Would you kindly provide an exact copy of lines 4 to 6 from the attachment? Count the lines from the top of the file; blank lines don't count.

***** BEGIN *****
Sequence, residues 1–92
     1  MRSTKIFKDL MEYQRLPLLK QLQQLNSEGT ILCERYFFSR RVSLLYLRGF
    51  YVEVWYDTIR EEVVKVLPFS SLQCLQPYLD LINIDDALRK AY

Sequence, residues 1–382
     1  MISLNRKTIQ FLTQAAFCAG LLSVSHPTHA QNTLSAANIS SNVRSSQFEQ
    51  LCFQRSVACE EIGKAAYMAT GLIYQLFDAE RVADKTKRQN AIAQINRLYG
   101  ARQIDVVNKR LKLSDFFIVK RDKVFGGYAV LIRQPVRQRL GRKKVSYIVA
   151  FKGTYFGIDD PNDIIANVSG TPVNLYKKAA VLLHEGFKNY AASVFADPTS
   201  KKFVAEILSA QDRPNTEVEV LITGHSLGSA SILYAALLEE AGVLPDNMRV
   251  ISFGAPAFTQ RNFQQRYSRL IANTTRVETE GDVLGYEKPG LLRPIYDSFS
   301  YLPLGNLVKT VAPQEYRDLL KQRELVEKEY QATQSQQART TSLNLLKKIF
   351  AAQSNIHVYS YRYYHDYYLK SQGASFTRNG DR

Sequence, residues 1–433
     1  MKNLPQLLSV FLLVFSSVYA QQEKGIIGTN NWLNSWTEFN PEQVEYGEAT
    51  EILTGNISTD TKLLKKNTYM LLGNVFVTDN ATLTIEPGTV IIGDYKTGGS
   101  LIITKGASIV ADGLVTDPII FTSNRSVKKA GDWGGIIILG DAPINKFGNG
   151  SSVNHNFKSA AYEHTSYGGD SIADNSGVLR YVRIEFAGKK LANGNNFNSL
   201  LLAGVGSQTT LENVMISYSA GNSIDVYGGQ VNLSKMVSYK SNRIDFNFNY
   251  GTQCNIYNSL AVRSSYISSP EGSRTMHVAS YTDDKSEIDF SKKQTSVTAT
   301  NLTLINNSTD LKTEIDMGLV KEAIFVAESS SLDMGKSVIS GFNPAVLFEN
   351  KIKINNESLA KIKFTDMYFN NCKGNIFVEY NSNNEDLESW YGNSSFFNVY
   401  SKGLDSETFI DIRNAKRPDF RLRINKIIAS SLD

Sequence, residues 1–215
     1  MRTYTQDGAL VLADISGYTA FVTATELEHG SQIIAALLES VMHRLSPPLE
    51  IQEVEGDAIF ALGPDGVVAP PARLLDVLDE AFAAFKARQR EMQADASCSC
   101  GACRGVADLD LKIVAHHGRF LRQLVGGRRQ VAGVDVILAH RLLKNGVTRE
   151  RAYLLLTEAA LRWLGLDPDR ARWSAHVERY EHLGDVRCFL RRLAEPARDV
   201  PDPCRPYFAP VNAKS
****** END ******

Sequence, residues 1–382
     1  MISLNRKTIQ FLTQAAFCAG LLSVSHPTHA QNTLSAANIS SNVRSSQFEQ
    51  LCFQRSVACE EIGKAAYMAT GLIYQLFDAE RVADKTKRQN AIAQINRLYG